Tuesday 9 October 2012

How Many Economists Does It Take To Change A Light Bulb?

For a long while now I have tried to argue that all those political economic etc. theories we have inherited from the past are not adequate for telling us how we got where we are, or why we are there, or what is really going on and last of all what happens next?

In the web site Project Syndicate, one for economists of various stripes, a post today, 9th October, by Andrew Sheng and Xiao Geng on “Micro, Macro, Meso and Meta Economics” comes round to that view.

It is not a long or difficult article but here is the extract of the end:

“Similarly, Eric Beinhocker, at the newly established Institute for New Economic Thinking, argues for “a new way of seeing and understanding the economic world.”

Such an approach requires incorporating psychology, anthropology, sociology, history, physics, biology, mathematics, computer science, and other disciplines that study complex adaptive systems.

We believe that the framework of “micro-macro-meso-meta-economics” – what we call “systemnomics” – is a more complete way to analyze human economies, understood as complex living systems evolving within dynamically changing complex natural systems.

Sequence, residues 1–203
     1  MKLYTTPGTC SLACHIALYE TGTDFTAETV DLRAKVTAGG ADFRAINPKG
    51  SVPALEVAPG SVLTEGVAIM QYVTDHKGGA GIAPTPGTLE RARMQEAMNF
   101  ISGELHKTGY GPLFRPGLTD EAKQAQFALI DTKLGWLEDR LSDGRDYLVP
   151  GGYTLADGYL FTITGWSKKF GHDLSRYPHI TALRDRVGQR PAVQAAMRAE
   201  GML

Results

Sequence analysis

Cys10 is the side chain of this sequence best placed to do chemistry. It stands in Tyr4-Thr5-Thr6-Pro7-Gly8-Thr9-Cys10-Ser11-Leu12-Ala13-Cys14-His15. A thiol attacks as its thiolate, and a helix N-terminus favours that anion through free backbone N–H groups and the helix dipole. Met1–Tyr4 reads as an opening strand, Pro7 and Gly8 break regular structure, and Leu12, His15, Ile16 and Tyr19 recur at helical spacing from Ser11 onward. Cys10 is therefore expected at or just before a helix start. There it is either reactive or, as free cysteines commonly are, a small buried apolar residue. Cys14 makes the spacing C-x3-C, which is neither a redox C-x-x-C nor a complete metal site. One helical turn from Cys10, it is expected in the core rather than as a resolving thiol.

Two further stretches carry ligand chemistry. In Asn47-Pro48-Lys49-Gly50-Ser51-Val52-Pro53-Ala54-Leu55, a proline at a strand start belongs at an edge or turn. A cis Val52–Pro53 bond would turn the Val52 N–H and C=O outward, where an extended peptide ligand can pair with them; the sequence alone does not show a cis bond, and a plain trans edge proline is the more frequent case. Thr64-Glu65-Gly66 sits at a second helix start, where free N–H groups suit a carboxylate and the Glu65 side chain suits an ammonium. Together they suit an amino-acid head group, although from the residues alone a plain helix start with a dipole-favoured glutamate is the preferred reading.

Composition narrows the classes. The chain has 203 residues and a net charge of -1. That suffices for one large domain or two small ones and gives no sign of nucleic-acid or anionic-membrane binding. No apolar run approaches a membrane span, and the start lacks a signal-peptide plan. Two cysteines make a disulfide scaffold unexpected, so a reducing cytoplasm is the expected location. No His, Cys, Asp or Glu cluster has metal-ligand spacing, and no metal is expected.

This is a particularly useful framework for analyzing the evolution of ancient but re-emerging economies such as China and India, which are large enough to have a profound impact on other economies and on our natural environment.”

The full article is here:

Photograph by Rocco DiDonato.

Well, one thing is for sure, it ain’t going be any easier.


  1. "The contemporary obsession with reductionist and mechanical models seems to have driven the profession from theory toward ideology, putting it out of touch with the real economy."

    I don't think the problem is necessarily solvable because powerful people will, in an uncertain world, simply look after themselves and their own kind.

    They will resort to force, fraud or whatever delivers the goods. As always.

  2. For sure the end result will be a dictatorship.
    People tend to find this comforting for a while.
    Whereas democracy seems so unpopular it needs new leaders very often.